Those fortunate enough to see this artwork up close at the Musée Marmottan Monet, Paris, France will immediately notice the hallmarks of watercolour brushwork. There is a stunning array of bright colours which help us to understand as to how Delacroix was known to have inspired some members of the Impressionist group, even though he took on the landscape genre so infrequently. It was his colours that delighted so many, and his bright tones of red would become particularly famous. Whilst this initially shocked some academics, others immediately saw the Romanticist movement as representing the future of art, and they were entirely right in that assumption. If we study this artwork we find a coast sweeping around the left hand side, with the sun setting in the centre of the composition. A fisherman can be seen, faintly, in the bottom right of the piece, with his fishing rod sat up whilst he relaxes and looks out to sea in this stunning environment.
Watercolours were found within a good number of Delacroix's paintings, but not much within his more famous, extravagant works. It was a medium used prominently within French and British art, though most oil painters would spend time experimenting with it at different points in their career. It felt particularly suitable for landscape and seascape painting, which is perhaps why Delacroix uses it here. There is a looseness and lack of detail that provides a different atmosphere to this piece, as compared to most of the artist's more high profile work.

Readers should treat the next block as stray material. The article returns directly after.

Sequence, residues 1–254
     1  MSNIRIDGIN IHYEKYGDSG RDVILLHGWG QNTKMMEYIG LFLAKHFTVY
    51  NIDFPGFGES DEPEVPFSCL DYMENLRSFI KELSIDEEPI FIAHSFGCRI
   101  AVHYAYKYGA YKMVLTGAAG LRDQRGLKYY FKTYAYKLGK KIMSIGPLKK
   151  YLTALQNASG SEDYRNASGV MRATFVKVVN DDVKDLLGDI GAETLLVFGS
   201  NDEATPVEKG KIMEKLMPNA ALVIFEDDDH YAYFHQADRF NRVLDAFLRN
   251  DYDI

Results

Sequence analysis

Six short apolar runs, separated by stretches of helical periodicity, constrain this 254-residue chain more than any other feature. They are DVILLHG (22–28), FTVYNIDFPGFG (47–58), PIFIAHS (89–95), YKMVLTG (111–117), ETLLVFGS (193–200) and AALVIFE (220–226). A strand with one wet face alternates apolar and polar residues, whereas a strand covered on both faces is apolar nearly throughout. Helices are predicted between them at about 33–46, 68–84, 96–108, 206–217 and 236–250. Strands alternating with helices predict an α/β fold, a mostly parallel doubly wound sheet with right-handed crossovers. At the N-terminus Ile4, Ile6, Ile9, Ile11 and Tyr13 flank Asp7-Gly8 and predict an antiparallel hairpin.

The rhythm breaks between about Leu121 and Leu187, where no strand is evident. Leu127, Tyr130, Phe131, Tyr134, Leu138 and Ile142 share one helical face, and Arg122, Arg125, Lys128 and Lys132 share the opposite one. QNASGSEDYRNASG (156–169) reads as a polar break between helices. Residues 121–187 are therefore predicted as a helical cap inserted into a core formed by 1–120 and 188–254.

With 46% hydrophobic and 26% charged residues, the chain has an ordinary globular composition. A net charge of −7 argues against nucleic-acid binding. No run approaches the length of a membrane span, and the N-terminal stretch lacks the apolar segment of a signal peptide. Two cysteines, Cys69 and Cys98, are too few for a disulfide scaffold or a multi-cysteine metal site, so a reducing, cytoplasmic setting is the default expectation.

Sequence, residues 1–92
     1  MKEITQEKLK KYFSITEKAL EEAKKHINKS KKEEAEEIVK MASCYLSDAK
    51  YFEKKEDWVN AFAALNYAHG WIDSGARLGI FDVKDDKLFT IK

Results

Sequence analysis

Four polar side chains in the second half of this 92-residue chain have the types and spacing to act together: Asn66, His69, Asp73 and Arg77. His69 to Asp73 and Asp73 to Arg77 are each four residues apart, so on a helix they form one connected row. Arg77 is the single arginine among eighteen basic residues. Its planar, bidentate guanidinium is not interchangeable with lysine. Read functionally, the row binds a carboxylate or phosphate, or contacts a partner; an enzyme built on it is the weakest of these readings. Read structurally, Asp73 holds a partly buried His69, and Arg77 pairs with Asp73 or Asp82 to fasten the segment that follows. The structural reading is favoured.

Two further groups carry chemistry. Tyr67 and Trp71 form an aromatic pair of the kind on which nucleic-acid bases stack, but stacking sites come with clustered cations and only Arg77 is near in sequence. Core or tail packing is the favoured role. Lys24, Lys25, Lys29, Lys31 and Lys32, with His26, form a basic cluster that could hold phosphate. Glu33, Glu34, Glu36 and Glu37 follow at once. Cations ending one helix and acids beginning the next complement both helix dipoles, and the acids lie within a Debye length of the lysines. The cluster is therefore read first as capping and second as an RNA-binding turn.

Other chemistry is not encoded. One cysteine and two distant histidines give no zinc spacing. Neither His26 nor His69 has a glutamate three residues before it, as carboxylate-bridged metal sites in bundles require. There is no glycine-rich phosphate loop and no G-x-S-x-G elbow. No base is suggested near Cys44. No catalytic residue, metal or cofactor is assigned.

The Musée Marmottan Monet may not always have this piece on display, so all ahead if you are specifically wanting to see it in person. Their own collection is considerable, and larger than their own display capacity, meaning that, like most major art galleries and museums, they are forced to rotate their collections from time to time, as well as loaning out pieces to other locations for exhibitions and research studies. They again focus on French art, as with so many wonderful galleries within France, and tend to cover the 19th century in the most detail. You will also find the likes of Berthe Morisot, Edgar Degas, Édouard Manet, Alfred Sisley, Camille Pissarro, Paul Gauguin and Pierre-Auguste Renoir here, to name just a few. Above all else, though, is the beautiful and critically significant Impression, Sunrise by Claude Monet which helped to bring about the Impressionist movement, and even provided the inspiration for its name. One can see a clear similarity between that painting of 1872 and this earlier seascape from Eugene Delacroix of around two decades earlier.